Finally, I'd like to comment on the just-released joint study by the SEC and CFTC on the May 6 stock market “Flash Crash.” In essence, the study found that a single large sell order of 75,000 E-Mini S&P futures contracts set off a chain reaction that resulted in the tremendous volatility that day. There was no finding of any intent to manipulate prices.


In a previous article for subscribers back on May 20 (please see archives), I concluded basically the same finding as the regulators, namely, an unfortunate and unintentional high-frequency trading debacle. I compared the stock market flash crash to silver, noting that the main difference was that in silver, it was a regular and intentional event. I still feel that way.


Further, the new joint study confirms other things that I have written about silver. The study clearly demonstrates one of my principle silver observations, namely, that given a large enough paper trade, prices in the real world are set by what happens in the futures market. In this case, no one would dispute that without the large single sell order there would have been no stock crash on May 6. This proves that stock prices were set by trading in the futures market. This is not how futures markets are designed to function. Futures markets are supposed to discover prices, not set them. If trading in the derivative futures markets is so excessive as to dictate prices to the host markets from which they are derived, we will see more flash crashes and manipulation. The only effective means of restricting excessive derivatives trading is through legitimate position limits.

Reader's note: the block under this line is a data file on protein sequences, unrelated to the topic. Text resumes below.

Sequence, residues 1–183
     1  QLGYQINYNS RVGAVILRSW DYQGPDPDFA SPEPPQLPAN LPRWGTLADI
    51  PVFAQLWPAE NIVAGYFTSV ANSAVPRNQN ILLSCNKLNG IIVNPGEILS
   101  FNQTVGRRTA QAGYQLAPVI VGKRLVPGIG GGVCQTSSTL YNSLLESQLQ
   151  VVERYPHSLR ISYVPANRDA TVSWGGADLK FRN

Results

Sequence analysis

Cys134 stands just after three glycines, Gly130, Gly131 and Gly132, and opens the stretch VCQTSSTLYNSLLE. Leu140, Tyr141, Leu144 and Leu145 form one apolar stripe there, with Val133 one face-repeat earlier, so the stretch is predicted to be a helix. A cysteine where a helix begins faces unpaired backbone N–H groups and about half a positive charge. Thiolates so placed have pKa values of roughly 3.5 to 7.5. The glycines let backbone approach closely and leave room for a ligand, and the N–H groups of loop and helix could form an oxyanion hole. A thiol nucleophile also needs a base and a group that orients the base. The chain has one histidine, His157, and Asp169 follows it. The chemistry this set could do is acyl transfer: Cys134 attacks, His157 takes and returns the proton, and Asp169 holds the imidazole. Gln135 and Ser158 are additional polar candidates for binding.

Of course, the exchange on which the excessive stock futures trading occurred, the CME Group (owner of the COMEX), was quick to point out that the big ill-placed sale was a legitimate hedge and how the exchange was blameless, no matter what. What else were they going to say – yes we were negligent in allowing such unrestricted selling and please sue us for damages? This should show that this exchange is not interested in anything but unrestricted trading of any type and why exchanges should have little to say in regulating trading. This exchange wants increased trading regardless of the damage it may bring to the rest of us.


The difference between the stock market flash crash and the many flash crashes we have seen over the years in COMEX silver and gold is the issue of intent. The mutual fund organization responsible for the mishandled sell order didn't want the stock market to crash. It stood nothing to gain and a lot to lose when the markets reacted so violently. The commercial crooks on the COMEX have had nothing but their own selfish interest in mind every time they have collusively caused the price of silver and gold to crash. They intended that prices would crash and did what they could to bring that about. You would think someone in the regulatory structure would notice this.


Ted Butler

October 2, 2010

Silver – $22.08

Gold   – $1318